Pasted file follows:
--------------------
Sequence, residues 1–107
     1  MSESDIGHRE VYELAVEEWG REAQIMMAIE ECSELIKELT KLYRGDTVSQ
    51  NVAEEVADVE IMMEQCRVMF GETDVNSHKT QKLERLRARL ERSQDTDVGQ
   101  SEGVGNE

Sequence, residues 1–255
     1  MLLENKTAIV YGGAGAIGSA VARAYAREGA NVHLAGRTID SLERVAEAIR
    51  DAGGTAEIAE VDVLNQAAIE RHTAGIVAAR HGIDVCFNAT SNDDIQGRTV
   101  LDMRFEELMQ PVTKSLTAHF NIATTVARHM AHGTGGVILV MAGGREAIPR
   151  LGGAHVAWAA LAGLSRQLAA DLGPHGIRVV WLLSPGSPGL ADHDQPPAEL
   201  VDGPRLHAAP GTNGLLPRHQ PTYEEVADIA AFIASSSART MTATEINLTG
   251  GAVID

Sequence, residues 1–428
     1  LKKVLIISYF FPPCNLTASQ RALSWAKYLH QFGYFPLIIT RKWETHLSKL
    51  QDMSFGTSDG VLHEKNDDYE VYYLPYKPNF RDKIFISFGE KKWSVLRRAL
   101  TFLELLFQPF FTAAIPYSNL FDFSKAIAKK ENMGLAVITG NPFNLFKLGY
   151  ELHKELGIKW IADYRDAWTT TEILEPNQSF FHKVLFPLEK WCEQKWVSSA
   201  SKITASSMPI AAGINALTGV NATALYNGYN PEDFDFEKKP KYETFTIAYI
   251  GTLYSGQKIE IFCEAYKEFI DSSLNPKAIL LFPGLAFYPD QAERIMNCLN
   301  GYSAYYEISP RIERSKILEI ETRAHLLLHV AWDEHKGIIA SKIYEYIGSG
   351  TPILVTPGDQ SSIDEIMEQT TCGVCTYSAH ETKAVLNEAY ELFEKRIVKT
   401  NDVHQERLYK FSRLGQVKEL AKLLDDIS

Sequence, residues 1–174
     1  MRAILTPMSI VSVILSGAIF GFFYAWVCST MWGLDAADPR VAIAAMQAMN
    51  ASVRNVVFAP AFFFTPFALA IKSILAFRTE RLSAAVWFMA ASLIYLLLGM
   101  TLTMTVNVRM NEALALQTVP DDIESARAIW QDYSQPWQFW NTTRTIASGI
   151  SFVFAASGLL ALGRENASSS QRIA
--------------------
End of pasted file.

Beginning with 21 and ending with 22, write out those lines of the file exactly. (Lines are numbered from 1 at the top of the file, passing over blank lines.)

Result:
   401  NDVHQERLYK FSRLGQVKEL AKLLDDIS

Sequence, residues 1–174